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/article/should-we-grouse-about-not-seeing-grouse
James J. S. Johnson, J.D., Th.D. - A recent report in Chesapeake Bay Journal laments the decline in ruffed grouse populations in the Chesapeake watershed region of its natural range. Ruffed grouse (Bonasa umbellus), a strikingly beautiful bird that symbolizes wildness, is in...

/article/honeybees-how-sweet-it-is-again
James J. S. Johnson, J.D., Th.D. - After some scary population downturns and scarier rumors of bee populations crashing, honeybees are making a comeback, populationally speaking.1,2 After a year of devastatingly bad news,3 bounce-back statistics on honeybee populations are now making...

/article/dolphins-learn-tricks-from-peers-to-catch-fish
James J. S. Johnson, J.D., Th.D. - Dolphins—like other cetaceans such as whales, wholphins, and porpoises—are highly intelligent marine mammals, capable of astonishing feats. A recent University of Leeds study, led by Sonja Wild, adds to what we humans have learned about...

/article/wandering-albatross-wide-wings-on-the-winds
James J. S. Johnson, J.D., Th.D. - Wandering albatrosses have the largest wingspan of any living bird, so they live much of life soaring above the oceans. With their wings—and a lot of winds—it is no wonder that their use of wind-power would be studied by scientists, as a...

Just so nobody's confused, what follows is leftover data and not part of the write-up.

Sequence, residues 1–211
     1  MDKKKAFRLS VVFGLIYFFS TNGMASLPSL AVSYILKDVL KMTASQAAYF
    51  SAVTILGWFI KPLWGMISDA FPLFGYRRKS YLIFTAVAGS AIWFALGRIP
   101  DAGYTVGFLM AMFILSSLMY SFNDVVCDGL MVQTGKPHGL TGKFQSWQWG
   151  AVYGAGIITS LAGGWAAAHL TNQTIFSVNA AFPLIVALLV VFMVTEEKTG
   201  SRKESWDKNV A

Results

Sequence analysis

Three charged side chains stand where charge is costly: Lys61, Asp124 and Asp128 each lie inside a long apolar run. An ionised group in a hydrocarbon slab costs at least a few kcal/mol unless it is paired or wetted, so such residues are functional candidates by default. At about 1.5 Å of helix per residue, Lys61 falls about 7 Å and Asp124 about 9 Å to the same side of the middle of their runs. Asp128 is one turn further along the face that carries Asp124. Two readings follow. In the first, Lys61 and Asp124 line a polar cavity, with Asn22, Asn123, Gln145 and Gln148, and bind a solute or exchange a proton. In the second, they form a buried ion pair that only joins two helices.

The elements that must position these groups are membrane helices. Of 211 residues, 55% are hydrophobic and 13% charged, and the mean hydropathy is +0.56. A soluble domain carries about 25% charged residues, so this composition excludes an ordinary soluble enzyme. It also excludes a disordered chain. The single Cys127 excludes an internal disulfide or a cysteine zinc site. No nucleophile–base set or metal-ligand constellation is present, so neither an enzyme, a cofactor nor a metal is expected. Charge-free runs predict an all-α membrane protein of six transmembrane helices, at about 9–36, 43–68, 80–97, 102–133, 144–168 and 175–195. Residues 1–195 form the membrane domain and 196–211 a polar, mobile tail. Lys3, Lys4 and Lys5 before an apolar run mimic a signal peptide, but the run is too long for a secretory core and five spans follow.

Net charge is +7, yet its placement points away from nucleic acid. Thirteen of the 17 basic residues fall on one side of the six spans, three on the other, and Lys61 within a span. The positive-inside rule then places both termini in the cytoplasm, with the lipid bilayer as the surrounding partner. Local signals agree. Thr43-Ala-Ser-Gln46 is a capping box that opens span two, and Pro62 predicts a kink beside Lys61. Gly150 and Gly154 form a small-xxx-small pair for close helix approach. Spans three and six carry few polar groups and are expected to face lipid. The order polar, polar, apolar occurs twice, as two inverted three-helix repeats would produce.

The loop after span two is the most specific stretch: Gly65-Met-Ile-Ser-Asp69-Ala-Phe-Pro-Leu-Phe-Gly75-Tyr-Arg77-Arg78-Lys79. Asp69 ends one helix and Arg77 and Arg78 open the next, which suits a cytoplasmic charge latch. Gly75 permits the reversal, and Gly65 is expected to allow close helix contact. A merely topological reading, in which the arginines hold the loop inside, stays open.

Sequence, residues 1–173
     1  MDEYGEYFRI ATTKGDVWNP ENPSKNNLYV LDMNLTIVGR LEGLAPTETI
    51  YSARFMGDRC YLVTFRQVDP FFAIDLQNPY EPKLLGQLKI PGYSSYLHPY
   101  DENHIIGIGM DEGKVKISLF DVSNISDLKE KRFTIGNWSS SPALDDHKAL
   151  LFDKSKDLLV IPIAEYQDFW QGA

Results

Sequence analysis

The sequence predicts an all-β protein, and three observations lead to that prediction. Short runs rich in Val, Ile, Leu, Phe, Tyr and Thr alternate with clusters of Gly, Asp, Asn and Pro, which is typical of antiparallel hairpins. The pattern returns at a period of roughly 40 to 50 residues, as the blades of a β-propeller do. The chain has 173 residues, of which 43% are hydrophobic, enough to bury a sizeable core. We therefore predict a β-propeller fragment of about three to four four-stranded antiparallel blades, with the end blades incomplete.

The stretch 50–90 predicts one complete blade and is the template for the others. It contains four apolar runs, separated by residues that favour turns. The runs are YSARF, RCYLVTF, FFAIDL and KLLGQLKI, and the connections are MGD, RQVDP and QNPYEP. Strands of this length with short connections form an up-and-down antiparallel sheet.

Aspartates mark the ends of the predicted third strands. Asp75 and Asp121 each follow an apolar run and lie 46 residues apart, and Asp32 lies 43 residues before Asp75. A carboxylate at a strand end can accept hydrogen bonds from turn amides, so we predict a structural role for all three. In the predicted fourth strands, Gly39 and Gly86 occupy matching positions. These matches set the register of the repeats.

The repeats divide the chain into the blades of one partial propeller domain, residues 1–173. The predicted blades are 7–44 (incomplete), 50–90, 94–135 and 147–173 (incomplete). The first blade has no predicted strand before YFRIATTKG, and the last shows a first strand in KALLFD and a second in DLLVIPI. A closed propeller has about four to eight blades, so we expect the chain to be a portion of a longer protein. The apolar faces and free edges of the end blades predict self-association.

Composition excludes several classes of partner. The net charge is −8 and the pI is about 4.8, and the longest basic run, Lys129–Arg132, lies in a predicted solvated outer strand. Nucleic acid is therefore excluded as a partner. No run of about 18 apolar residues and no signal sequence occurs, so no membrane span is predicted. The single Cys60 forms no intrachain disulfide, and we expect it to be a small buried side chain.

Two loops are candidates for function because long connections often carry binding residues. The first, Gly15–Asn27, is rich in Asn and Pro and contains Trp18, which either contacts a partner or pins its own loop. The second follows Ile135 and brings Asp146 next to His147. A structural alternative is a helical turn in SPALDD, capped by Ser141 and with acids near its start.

/article/god-grassroots-provision
James J. S. Johnson, J.D., Th.D. - In times of calamity and crisis, it’s easy to question whether life makes sense—or, more accurately, how God is making ultimate sense of everything.1,2 Unsurprisingly, fallen humans propose answers that miss the mark, failing to...

/article/artificial-plants-help-keep-peace-at-tilapia-farms
James J. S. Johnson, J.D., Th.D. - Once again, a scientific study shows how “farmed” or ranched creatures live better if their domesticated context resembles their natural habitat.1 According to a recent study published in Aquaculture Reports, confined fish at Brazilian...

/article/cherry-orchards-nutrition-providential-phenology
James J. S. Johnson, J.D., Th.D. - As June transitions into July, it’s time for fruit harvesting—including apples, peaches, pears, and cherries. Notice how fruit phenology (seasonal life cycles) is linked to the timing of agricultural harvesting. As peach thinning...

/article/like-father-like-son-in-the-deepest-deep
James J. S. Johnson, J.D., Th.D. - Two of the remotest places ever visited by humans are the moon and the deepest part of the ocean. Earth’s lowest point is called the “Challenger Deep,” a depression inside the southern end of the Mariana Trench—the deepest...

/article/protective-yet-flexible-design-of-carp-scales
James J. S. Johnson, J.D., Th.D. - Recently reported research demonstrates how astonishingly helpful scales are to fish—such as the common carp (Cyprinus carpio), whose scales blend armor-like protection with flexibility needed for underwater mobility.1,2 The carp scales...

/article/noisy-narwhals-in-greenland-frigid-fjords
James J. S. Johnson, J.D., Th.D. - Recently, after audio-recording underwater in Greenland’s fjords, two geoscientists published research on vocalizations made by narwhals. The sounds included shrill whistle tones, repetitive clicks, knocking sounds, buzzing noises, and even...

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